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Health and Safety Helps Firework Display Go Off with a Bang – Of the Right Sort!
Posted by David Cant on November 3, 2011

Proper Management of a Fireworks Display

This time of year is always a lot of fun with Halloween and Fireworks night.  If you are planning to hold a fireworks display or have a bonfire it is worth taking a few moments of your time to read some health and safety advice to make sure the event is one of entertainment and not disaster.

Health and safety consultants are able to help you to understand where you stand with the laws and regulations if you are holding a public display.  It is vital that you make sure the whole event is planned properly and that you have procedures available should any accidents occur during the event.

The HSE have put up a useful guide to help prevent accidents so here are a few of the major points which could mean the difference between a successful event and one which ends in injuries.  This is broken down into two sections, what to do before the event and on the day.  You can contact health and safety services to assist you if you are unsure of any of the guides, it is always better to be safe than sorry.

Preparations for a Fireworks Celebration

  • Think about the type of display you will be having.  Fireworks come in different categories, 1, 2, 3 and 4. As an amateur you are allowed to light and be in charge of the fireworks within categories 1 to 3, however, category 4 fireworks have to have a professional operator.
  • Look at the area where you will be holding the event.  There must be enough room to have the display far enough away from the spectators as the fireworks need to land at a safe distance.  Look out for power lines above the area too as you may need to move the display area to avoid disaster.
  • Alcohol at the event needs to be positioned far from the display.
  • Consider where you will be storing the fireworks up until the display.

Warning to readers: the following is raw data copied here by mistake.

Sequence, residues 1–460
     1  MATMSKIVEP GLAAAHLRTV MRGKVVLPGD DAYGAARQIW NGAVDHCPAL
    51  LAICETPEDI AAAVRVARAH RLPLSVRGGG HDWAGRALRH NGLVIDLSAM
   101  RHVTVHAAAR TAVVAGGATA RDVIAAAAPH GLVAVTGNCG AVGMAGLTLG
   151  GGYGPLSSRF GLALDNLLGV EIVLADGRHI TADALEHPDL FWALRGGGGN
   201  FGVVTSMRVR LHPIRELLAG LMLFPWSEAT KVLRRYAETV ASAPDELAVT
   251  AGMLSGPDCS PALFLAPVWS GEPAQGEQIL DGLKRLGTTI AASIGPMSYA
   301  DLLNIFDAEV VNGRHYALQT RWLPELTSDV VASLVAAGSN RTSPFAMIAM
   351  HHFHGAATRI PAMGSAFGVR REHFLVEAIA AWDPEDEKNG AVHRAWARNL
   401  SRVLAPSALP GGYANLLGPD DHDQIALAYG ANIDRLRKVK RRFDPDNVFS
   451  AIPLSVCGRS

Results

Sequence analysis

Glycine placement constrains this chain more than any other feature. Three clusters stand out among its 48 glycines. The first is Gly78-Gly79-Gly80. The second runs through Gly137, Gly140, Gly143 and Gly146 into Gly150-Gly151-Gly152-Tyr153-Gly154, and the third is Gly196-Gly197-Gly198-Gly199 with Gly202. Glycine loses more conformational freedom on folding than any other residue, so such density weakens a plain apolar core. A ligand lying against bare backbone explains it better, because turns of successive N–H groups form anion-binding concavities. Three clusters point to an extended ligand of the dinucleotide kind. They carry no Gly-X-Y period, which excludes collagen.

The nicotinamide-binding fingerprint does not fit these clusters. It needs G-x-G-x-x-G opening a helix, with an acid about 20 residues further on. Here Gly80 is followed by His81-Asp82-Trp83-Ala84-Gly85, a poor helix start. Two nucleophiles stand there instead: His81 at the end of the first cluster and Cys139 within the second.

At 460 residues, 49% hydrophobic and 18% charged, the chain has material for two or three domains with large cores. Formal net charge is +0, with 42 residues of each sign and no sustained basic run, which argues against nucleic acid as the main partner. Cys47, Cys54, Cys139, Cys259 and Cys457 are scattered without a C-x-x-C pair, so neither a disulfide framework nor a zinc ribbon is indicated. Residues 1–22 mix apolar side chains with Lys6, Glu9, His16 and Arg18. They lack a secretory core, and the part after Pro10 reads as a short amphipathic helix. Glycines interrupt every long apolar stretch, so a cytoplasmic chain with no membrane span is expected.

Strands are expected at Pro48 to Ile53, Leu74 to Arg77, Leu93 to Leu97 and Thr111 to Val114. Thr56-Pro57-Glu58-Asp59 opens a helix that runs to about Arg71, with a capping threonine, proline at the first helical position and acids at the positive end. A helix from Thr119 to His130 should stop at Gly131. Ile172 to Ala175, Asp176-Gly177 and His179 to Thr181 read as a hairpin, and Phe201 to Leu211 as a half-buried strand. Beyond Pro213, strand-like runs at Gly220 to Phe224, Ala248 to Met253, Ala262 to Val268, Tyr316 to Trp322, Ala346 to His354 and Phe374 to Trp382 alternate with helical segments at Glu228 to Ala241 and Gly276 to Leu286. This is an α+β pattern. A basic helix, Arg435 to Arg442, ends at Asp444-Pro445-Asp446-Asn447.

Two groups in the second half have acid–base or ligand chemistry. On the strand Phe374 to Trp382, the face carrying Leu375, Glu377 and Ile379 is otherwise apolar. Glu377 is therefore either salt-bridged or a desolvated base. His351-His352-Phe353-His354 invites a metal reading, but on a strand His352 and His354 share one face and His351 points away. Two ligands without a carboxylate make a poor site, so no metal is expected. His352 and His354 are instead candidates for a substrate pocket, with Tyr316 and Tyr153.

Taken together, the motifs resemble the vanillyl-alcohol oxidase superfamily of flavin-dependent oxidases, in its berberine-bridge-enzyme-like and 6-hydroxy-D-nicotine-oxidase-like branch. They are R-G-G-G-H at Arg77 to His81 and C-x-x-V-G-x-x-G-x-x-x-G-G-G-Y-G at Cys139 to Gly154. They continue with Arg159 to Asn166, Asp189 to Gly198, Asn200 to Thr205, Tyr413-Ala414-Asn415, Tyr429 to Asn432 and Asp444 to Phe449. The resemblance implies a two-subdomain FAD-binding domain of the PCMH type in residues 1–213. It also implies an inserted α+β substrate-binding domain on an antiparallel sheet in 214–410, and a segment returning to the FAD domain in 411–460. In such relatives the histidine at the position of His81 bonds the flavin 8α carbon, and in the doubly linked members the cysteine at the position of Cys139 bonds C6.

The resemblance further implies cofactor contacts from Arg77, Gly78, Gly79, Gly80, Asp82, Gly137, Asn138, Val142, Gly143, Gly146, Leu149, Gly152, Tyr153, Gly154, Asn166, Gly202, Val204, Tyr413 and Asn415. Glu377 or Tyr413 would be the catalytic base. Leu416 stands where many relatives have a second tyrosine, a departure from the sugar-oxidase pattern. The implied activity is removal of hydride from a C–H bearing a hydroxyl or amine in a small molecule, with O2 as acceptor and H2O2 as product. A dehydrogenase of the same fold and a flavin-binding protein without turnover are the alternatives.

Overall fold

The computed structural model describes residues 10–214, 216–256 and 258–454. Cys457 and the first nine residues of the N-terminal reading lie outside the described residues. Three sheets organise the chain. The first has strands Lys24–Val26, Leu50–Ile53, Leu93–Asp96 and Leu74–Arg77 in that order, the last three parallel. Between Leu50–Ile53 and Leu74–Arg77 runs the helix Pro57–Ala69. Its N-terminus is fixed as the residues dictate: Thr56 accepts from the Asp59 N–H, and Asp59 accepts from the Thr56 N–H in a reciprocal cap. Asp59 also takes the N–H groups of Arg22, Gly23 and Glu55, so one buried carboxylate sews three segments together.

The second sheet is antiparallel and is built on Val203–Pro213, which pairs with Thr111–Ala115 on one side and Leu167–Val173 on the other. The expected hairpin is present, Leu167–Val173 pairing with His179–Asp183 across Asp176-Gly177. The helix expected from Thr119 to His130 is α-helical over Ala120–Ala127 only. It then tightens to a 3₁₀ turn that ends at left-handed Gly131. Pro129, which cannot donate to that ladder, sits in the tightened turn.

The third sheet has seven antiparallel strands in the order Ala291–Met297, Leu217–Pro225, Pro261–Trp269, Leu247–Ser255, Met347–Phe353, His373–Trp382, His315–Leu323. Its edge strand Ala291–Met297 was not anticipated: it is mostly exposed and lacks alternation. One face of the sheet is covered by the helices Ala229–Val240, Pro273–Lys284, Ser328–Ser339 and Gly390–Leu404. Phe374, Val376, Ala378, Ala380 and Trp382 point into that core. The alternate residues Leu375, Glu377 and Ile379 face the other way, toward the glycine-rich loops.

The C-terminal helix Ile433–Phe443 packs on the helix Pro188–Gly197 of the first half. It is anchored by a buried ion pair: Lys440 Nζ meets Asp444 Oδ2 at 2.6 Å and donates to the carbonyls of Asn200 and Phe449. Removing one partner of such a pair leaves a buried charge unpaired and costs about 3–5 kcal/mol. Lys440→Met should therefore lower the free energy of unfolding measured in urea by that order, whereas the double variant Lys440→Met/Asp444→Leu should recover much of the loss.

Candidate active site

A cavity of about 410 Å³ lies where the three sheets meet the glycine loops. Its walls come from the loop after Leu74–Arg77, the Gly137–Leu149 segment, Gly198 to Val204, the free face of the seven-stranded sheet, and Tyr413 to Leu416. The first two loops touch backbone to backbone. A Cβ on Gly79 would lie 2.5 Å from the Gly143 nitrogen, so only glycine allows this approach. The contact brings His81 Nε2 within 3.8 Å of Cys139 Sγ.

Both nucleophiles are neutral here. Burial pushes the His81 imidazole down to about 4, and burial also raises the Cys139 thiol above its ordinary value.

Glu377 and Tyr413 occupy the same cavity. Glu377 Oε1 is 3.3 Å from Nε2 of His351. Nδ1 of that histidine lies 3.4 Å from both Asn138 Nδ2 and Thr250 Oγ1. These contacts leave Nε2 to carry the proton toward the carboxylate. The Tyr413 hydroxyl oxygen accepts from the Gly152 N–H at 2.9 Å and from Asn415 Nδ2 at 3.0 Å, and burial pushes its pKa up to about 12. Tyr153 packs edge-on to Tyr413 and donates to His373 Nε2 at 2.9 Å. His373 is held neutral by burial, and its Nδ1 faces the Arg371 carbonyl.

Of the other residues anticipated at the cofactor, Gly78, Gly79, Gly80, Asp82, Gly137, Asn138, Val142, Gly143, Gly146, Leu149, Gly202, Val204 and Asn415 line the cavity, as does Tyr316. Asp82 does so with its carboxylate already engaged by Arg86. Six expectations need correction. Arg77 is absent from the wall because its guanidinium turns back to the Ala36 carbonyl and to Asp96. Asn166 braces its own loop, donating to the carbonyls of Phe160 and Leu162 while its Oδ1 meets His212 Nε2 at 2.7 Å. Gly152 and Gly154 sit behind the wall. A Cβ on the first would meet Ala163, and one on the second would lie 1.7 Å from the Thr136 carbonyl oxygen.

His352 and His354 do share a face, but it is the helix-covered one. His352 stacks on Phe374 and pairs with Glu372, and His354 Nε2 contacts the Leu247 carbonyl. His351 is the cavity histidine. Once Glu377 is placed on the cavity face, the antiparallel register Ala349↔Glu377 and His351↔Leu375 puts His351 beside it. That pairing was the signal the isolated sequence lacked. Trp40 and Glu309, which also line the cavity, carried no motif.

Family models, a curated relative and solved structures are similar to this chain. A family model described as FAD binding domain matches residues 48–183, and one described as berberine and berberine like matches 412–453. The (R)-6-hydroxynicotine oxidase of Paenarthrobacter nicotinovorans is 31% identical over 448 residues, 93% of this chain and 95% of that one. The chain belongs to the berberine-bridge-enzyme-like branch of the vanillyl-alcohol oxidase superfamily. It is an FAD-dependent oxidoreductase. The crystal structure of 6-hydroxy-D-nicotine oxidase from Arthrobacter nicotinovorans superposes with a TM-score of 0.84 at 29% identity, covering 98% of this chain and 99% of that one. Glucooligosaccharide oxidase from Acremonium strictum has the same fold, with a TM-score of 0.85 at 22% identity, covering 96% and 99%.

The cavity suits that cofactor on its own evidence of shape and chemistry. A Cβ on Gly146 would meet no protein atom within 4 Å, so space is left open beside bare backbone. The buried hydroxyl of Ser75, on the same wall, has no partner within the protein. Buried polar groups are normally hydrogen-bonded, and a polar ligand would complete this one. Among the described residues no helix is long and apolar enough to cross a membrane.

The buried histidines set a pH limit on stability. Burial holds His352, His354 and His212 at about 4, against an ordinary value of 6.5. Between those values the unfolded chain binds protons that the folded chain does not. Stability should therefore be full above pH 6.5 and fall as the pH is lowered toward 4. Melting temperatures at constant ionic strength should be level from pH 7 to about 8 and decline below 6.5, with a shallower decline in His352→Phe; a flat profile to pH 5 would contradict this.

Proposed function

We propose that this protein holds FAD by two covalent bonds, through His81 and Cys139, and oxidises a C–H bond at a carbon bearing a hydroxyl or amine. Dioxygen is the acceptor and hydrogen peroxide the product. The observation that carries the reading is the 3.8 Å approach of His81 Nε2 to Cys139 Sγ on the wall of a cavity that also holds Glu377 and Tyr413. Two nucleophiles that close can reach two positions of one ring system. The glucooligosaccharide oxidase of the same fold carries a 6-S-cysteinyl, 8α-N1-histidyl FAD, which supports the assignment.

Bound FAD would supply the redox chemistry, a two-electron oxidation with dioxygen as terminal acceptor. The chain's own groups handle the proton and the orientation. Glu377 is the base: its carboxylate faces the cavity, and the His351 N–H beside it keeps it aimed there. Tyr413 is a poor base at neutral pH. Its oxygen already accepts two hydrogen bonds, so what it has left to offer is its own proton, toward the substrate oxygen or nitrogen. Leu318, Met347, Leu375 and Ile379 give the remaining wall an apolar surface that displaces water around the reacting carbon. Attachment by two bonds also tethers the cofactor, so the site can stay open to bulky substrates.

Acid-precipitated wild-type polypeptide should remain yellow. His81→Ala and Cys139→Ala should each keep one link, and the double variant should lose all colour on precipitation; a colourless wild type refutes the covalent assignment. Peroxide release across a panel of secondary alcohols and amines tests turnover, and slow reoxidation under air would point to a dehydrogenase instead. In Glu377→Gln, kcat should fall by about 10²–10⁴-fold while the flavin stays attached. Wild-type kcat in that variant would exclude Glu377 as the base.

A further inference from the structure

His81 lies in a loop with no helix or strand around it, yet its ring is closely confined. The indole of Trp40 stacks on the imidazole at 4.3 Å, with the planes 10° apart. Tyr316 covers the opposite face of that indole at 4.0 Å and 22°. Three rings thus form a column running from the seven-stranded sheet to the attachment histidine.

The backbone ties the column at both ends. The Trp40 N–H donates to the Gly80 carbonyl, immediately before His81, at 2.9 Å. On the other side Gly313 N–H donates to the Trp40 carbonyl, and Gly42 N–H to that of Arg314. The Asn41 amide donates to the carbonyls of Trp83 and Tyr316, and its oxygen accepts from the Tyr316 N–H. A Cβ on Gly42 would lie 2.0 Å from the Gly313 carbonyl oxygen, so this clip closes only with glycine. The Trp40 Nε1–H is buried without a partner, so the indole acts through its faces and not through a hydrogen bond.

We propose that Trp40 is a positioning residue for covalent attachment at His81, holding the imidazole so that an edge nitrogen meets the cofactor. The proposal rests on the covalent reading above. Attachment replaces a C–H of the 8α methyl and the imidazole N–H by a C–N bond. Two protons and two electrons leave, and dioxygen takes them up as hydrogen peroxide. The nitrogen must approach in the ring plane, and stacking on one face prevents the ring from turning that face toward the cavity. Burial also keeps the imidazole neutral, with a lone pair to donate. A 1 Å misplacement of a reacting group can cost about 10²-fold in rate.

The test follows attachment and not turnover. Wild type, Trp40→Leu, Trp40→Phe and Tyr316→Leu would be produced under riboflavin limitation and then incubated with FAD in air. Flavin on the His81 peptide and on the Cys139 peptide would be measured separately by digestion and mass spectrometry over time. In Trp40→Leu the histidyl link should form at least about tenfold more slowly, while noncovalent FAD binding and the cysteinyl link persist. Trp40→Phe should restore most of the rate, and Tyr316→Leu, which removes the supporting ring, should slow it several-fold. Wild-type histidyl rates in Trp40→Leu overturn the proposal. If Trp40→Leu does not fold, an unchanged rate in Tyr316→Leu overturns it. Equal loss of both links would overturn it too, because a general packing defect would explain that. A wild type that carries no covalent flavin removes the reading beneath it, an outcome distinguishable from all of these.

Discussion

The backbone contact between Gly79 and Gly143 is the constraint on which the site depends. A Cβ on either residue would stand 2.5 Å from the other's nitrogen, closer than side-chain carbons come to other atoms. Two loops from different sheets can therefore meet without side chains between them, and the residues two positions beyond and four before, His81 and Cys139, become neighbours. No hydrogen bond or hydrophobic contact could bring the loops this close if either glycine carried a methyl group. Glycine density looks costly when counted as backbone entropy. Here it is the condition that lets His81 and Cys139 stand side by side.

• Make sure the supplier and manufacturer is reputable to make sure you are not sold faulty and dangerous goods.
  • Have a plan in place so that everyone knows what to do if an accident was to occur. Consider whether you will need to have the St. Johns Ambulance or any emergency services present.
  • If you have decided to use professional firework operators work closely with them so that you all know who is in charge in case there is an emergency.

Firework Display Night

  • Take a walk around the area and consider the weather conditions, is it too windy? Will the rain cause any additional safety problems?
  • Mark out restricted areas where spectators are not allowed to cross to keep them separated from the fireworks.
  • Designate the job of lighting the fire to one person and never use petrol or other fuel to start the fire.
  • Talk through safety procedures with any helpers.
  • Only light a firework once, never go and try to relight it if it fails.
  • Place a first aid kit in one area and signpost this area in case anyone is hurt.

Health and safety consultants will be able to advise you further on any insurance which is useful to have when planning public events. Contact 0800 1488 677 to speak about health and safety services further to make sure your event is helped safely and responsibly.


David Cant is a Chartered Safety and Health Practitioner with a brain you can pick. Fluent in practical advice. He has a wealth of Industry experience and is the Director of life at Veritas Consulting.

You can find him on – Twitter and Facebook also Linkedin

This post has been filed in: Fire Risk Management, Workplace Health and Safety


  1. November 7, 2011 at 12:19 pm

    Good and timely post- one thing I would say though is that even if the event – fireworks or otherwise- is too small for St. Johns or similar organisations, it is worth asking for qualified first aiders to identify themselves before the event.
    If the event is sponsored by an employer then they should have FAW or EFAW qualified first aiders on their books who will probably jump at the chance of attending the event- you do need to check your insurance though.

  2. November 10, 2011 at 4:24 pm

    A great blog post – it’s amazing how much simple health and safety procedures can impact upon what could otherwise be a potentially extremely dangerous situation.

    With the recent M5 disaster being speculatively accredited to poor firework safety, it serves as an untimely reminder of the importance of taking care.

    Our thoughts are with those who were affected by the disaster.

    Thanks for the post and feel free to take a look at what we’re doing within the domestic environment, we’d value your thoughts.


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